Mini street spectacle Jewish Life in Ljubljana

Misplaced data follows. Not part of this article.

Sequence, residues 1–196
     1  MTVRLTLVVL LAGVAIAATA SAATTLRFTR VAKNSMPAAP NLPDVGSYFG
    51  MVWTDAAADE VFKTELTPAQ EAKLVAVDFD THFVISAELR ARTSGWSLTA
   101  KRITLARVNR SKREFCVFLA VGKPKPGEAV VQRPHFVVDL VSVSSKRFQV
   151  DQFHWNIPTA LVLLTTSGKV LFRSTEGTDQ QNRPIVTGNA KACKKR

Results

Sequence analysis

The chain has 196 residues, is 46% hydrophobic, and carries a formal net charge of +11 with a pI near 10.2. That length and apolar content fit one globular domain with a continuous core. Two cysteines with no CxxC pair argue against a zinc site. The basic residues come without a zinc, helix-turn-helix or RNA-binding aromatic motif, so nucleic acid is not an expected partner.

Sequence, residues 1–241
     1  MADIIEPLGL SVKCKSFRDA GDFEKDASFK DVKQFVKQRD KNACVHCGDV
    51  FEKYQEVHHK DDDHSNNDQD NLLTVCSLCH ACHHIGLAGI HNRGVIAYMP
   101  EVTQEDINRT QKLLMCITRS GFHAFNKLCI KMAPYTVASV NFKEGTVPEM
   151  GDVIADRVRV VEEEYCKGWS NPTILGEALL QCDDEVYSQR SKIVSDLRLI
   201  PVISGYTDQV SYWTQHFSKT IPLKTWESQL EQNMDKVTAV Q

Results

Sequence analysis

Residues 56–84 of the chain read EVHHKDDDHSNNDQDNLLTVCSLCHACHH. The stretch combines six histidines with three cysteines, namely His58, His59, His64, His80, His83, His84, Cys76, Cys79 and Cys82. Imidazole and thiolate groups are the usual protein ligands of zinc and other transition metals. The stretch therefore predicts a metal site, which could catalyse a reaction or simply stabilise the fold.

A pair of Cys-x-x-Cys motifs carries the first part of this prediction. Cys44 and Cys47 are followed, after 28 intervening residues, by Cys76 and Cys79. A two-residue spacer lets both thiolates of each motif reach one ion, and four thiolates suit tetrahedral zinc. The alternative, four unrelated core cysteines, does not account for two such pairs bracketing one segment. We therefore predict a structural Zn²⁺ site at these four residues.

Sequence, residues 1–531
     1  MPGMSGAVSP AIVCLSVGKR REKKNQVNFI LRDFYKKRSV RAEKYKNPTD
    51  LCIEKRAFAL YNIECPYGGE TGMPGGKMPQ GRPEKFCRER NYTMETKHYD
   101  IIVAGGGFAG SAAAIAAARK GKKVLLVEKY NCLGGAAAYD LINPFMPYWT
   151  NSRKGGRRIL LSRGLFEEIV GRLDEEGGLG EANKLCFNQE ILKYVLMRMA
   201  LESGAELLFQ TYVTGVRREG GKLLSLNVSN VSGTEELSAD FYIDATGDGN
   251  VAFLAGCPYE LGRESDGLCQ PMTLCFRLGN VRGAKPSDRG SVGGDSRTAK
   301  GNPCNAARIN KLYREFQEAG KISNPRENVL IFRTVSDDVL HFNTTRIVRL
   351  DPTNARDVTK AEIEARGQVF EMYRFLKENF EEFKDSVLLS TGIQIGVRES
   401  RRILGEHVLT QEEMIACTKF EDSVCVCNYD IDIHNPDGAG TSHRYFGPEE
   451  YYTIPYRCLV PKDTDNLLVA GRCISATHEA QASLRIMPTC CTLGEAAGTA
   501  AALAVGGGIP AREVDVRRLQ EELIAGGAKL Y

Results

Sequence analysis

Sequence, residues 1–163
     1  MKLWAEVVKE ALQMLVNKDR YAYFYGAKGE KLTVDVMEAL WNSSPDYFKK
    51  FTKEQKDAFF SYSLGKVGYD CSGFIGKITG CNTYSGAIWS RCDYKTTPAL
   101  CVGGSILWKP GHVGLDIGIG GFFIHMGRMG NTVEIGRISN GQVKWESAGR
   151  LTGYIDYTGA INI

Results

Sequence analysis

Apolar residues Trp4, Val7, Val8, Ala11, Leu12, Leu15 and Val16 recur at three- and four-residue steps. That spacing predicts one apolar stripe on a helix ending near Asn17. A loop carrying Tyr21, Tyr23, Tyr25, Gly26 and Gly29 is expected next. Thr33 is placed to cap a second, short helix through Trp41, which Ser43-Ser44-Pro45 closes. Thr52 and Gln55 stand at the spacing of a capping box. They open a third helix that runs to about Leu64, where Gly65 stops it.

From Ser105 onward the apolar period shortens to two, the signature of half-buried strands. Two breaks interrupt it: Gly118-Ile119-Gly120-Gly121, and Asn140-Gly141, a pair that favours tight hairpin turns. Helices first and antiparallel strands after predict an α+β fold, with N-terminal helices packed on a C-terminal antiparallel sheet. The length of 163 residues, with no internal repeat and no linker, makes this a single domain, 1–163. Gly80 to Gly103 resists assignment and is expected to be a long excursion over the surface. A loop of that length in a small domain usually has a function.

We will start the core programon on 30 and 31 August, when we will stage a street performance, a mini spectacle Jewish Life in Ljubljana, on the street in front of our centre. I have prepared the script and the text together with the extremely prolific Slovenian writer and director Vink Moederndorfer and condensed it into 8 pictures. The play was directed by the Israeli director Yonatan Esterkin. The play was co-produced last year with the Yiddish Theatre of Tel Aviv and features three Israeli actors, four from Slovenia and five musicians. Before World War II, quite a few Jewish families lived in Ljubljana, although the community was relatively small and numbered less than 200 people. They had their own customs, their own habits. People of Jewish origin also lived in Križevniška Street. As in many streets of our city. They have lived here since ancient times. They lived peacefully. They were doctors, students, merchants, shoemakers, bankers, builders, lawyers, … They married among themselves, as well as outside their families and religion. They cultivated their own customs. Sometimes more openly, sometimes more covertly, depending on the time, politics and social mood. After the occupation of Yugoslavia in 1941, the situation worsened even for the Jews on Slovenian soil. Otherwise, less than a thousand believers professed the Jewish faith on the territory of the pre-war Drava Banovina, most of them in Prekmurje. Jews were most persecuted by the German occupier in their occupied territory in Styria and Gorenje, while the Italian and Hungarian occupiers took a more lenient stance, especially towards Jews who had already lived in the occupied area before the Second World War. When the Italians occupied Ljubljana, many young Jews worked with the Liberation Front. More than many Slovenians, Jewish families were aware of the danger of fascism and Nazism. Very soon, however, bans for Jewish residents appeared in Ljubljana as well. The Pollak, Ebenspanger, Bolaffio, Silberstein, Steinberg, Baumgarten, Moskovič, Kapper, Lorant, Goldstein, Oblat,… In the street play-performance Jewish life in Ljubljana, for which the script and text were prepared by Robert Waltl and Vinko Möderndorfer, actors from the Mini Theater Ljubljana (Tadej Pišek, Timotej Novaković, Barbara Vidovič and Nika Korenjak) and the Yiddishpiel Theater from Tel Aviv ( Nathan Hecht, Omer Rozenblum and Hanna Hill), who, under the direction of the well-known Israeli director Yonatan Estrkin, presented to the Slovenian audience in eight pictures a fragment of pre-war Jewish life in Ljubljana with Jewish customs and celebrations, as well as the occupation and the Holocaust period in Ljubljana, when the native Jews were first joined by thousands of refugees, first from Germany, Austria, the Czech Republic, Poland, and after 1941, mainly by hundreds of Croatian Jews who were persecuted by the NDH and who found a temporary safe haven in Ljubljana. Through the pictures, the performance then led us through the persecution of Ljubljana’s Jews and deportations to extermination camps, to their participation in the Liberation Front and partisan units. Everything was connected by Jewish music, which was performed live by the musicians of the Kletzmer Trio. The play is performed in Slovenian, Hebrew and Yiddish.